Grenfell estate residents must help chairman with inquiry, local bishop says
Campaigners said they would strongly oppose any form of “limited” inquiry into the disaster.
The Grenfell Tower inquiry must have the involvement of local residents to help its chairman Sir Martin Moore-Bick understand the community, the area’s bishop has urged.
The Bishop of Kensington, the Rt Rev Dr Graham Tomlin said having local people at the heart of the inquiry would aid Sir Martin in appreciating the “dynamics” of the area.
At least 80 people died when a blaze devastated the 24-storey west London block in June, while hundreds more were left destitute and the bishop said there were concerns that retired Court of Appeal judge Sir Martin would not understand the “experience of life” on the Grenfell estate.
Bishop Tomlin said: “I want to see local people at the heart of the inquiry – not just on the outside but on the inside of it.
“It seems to me that the judge leading the inquiry, Sir Martin Moore-Bick, needs the help of local people to help him understand the dynamics of the local area.”
The bishop said he hoped Sir Martin’s inquiry would provide “significant answers” within a year and would go further than just address the events of the fire to also examine “a wider range of issues – the decisions that were made by the council, by the tenant management organisation leading up to that night”.
He told BBC Radio 4’s PM programme that if Sir Martin’s inquiry did not have the confidence of local people, any recommendations it made were unlikely to win support.
The bishop said: “People locally would want to see, at the heart of the inquiry, other people who understand our experience of life.
“I’m not saying that he won’t understand that, but I think that it’s harder if you haven’t got people around you who actually do understand that, which is why I’m suggesting that he will be helped in his work – his very important work – by having close involvement with people who do represent the local community.”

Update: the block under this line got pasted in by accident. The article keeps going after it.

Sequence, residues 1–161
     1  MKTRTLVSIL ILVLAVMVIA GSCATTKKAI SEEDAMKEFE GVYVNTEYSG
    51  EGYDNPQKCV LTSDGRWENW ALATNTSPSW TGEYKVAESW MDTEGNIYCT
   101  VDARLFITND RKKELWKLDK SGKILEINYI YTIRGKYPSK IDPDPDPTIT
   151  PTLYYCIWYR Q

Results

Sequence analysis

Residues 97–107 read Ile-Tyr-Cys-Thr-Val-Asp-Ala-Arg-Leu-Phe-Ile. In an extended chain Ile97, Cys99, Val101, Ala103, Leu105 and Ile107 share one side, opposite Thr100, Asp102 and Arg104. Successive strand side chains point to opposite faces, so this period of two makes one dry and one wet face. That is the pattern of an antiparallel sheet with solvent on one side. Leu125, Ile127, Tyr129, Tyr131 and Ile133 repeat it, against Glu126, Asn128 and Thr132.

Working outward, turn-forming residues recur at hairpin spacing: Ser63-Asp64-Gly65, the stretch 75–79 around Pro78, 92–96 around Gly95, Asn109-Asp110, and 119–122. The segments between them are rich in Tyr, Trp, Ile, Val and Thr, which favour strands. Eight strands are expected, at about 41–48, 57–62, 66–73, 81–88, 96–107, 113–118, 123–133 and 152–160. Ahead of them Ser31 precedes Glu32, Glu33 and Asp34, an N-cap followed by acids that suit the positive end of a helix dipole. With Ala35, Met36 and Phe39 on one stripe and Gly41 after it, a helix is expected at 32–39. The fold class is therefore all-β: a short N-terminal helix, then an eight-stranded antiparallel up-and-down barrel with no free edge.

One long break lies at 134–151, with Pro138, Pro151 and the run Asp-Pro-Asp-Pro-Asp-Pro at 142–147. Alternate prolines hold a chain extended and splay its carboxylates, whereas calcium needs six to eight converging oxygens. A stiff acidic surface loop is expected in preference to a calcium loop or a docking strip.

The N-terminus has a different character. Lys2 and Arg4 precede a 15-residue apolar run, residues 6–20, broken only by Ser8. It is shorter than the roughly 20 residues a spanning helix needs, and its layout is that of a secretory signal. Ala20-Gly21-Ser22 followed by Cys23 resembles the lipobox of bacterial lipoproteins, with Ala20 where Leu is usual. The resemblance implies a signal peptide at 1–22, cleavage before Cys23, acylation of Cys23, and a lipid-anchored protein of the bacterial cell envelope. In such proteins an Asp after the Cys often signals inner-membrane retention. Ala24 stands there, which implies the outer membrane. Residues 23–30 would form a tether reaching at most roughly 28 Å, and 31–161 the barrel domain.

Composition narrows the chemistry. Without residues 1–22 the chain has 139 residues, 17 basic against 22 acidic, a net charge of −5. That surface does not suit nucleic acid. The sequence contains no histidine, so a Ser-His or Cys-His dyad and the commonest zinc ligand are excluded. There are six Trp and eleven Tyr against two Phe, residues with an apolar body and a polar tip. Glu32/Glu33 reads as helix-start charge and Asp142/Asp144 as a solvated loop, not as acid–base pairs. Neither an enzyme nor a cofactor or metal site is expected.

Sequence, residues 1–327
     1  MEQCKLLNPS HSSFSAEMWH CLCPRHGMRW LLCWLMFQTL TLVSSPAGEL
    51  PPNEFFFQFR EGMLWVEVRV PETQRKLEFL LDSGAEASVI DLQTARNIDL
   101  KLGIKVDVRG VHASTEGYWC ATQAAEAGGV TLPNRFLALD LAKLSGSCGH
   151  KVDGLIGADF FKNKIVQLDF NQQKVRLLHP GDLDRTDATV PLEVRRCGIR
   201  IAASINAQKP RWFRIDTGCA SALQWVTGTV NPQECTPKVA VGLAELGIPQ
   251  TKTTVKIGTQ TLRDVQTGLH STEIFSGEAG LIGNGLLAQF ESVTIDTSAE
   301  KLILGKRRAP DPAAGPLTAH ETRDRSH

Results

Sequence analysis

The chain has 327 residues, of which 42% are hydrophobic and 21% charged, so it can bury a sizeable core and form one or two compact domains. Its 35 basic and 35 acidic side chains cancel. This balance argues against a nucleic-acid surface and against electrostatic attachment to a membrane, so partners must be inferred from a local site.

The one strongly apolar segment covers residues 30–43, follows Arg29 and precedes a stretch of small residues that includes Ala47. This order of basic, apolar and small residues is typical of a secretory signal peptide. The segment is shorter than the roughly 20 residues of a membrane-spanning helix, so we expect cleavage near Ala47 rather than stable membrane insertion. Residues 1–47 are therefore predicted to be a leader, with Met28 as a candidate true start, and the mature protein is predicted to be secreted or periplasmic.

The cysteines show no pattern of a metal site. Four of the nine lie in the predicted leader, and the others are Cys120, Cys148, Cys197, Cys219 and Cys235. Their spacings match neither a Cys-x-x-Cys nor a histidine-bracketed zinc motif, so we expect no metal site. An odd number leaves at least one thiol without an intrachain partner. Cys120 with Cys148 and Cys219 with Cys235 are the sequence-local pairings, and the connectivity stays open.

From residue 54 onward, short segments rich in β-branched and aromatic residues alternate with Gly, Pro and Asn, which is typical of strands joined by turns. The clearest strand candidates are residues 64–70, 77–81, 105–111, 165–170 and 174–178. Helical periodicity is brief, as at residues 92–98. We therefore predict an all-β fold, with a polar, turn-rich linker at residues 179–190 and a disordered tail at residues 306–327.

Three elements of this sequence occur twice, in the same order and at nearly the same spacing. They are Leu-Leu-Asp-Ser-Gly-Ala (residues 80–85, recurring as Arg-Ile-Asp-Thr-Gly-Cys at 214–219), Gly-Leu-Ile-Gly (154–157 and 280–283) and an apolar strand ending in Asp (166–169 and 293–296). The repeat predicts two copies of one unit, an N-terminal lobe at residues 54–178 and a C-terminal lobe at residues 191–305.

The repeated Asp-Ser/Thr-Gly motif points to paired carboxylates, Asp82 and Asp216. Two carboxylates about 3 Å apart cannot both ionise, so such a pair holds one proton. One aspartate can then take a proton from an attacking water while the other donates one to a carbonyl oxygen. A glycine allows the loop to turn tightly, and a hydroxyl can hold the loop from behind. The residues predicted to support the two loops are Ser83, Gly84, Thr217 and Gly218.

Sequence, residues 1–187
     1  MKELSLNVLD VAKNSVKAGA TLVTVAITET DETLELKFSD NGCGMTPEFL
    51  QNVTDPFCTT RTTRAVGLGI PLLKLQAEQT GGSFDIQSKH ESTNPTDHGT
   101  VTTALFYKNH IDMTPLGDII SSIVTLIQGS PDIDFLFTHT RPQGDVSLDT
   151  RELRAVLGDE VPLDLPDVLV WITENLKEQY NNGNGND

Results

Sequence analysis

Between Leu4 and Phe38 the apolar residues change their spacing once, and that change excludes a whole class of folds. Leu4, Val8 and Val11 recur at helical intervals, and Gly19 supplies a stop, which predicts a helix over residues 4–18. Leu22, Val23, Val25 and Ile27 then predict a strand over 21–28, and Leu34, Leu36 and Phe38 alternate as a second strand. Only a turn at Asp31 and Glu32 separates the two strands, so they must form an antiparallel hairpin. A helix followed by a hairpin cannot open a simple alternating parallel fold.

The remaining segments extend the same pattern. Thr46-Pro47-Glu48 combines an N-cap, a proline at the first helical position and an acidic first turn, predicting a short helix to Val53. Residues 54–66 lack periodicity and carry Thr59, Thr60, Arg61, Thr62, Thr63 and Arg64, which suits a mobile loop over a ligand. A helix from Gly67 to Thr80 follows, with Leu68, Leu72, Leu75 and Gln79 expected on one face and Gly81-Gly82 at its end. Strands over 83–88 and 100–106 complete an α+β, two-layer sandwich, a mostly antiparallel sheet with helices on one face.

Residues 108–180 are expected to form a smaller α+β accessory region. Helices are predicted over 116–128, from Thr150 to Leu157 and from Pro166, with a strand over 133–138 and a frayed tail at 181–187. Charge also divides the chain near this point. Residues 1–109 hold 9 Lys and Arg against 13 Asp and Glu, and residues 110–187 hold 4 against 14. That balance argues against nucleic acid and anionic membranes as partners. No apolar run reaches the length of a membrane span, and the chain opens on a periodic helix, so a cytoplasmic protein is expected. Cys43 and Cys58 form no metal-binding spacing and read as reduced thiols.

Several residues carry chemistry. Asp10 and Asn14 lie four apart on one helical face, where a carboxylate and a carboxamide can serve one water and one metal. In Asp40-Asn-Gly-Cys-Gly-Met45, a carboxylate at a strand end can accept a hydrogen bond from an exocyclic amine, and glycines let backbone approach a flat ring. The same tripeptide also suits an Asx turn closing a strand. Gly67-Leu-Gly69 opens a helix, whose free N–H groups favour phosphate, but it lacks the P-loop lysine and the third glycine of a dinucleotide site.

Some in the community were still “very angry” about what happened and the response, he said.
Bishop Tomlin added: “I feel a lot of frustration on behalf of many people, because I feel that there is a lot of people who are still struggling, still trying to work out answers.
“I have seen extraordinary dignity and wisdom and restraint from many people, others are very angry.
“There’s a mixture of emotions which is why we need to continue to apply every bit of imagination and effort to that job.”
More than 400 submissions were made to a consultation on the scope of Sir Martin’s inquiry which closed on Friday.
Survivors, bereaved families and other involved parties have spent the past few weeks making their case about what the remit of the forthcoming probe should be.
Sir Martin is now tasked with writing to the Prime Minister with recommendations for the inquiry’s terms of reference.
It is understood he may use his correspondence to recommend the Government consider broader questions about social housing separately.
It will then be up to Theresa May to decide what questions the inquiry should seek to answer, which she is expected to do thereafter.